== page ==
Re: debian/testing systems stopped to boot after upgrade between 20.02 and 22.02
On Tue, 23 Feb 2010 10:23:51 +0100 Sjoerd Hardeman
<firstname.lastname@example.org> shared this with us all:
>> On Tue, 23 Feb 2010 08:48:31 +0100 wzab <email@example.com> shared
>> this with us all:
>>> I have two different debian/testing systems. The common feature is
>>> the Intel graphics chipset.
>>> Both of them stopped to boot after upgrade which I performed between
>>> 20.02 and 22.02 (the last successful boot log is from the 20.02).
>>> After this time the screen gets black during boot and machine
>>> doesn't respond any more.
>>> What's interesting - on one machine the 2.6.32 kernel boots
>>> correctly, but the 220.127.116.11 doesn't (I attach configuration of both
>>> It seems, that the problem may be associated with the changes to
>>> xorg server?
>No, else it would not be blank during boot
>> My problem, or what I thought was a problem, as well. I have posted
>> about it here but I think this may be the new way that Debian wants
>> users to get to the login prompt?
>> The screen remains blank, but the machine is actually working, and
>> though you can see nothing it will take you to the login prompt. Just
>> watch the flickering light on the computer, when it stops I do this:
>> * type in the user name - then password, waiting a moment between
>> because I often type it too quickly before the login has registered
>> the user name and switched to password
>> * then type in startx
>> * You'll see your whole screen go from completely black without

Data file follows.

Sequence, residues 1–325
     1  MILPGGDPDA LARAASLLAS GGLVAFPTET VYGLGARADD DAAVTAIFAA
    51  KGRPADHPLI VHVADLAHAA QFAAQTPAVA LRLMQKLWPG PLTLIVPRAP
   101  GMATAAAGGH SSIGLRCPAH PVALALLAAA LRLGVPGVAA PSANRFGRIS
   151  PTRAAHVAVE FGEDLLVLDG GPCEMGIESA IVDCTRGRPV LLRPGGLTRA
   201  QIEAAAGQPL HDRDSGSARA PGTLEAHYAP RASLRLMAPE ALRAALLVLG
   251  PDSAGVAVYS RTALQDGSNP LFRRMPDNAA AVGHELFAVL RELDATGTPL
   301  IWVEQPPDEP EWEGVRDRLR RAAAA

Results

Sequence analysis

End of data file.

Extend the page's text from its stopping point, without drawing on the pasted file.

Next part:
>> anything to a shade of dark grey without anything, and then, in my
>> case at least, my ~/.xsession script cuts in, and xstarts
>This sound like a wrong video mode for the console. Disable all splash
>screens, and remove lines like "vga=xxx", "vesafb=xxx" from the kernel
>options and modesetting lines from /etc/default/grub.conf, then
>rebuild and reinstall grub. This should give you a plain 80x25
>character console. When this works you can try to enable the higher
>resolution video modes again.
>That x still works is because x uses different video settings.
Thank you Sjoerd,
That did the trick removing <vga=788> Your help is much appreciated.
Registered Linux User:- 329524
Mountains should be climbed with as little effort as possible and
without desire. The reality of your own nature should determine the
speed. If you become restless, speed up. If you become winded, slow
down. You climb the mountain in an equilibrium between restlessness and
exhaustion. Then, when you're no longer thinking ahead, each footstep
isn't just a means to an end but a unique event in itself. .....Robert
Debian GNU/Linux - just the best way to create magic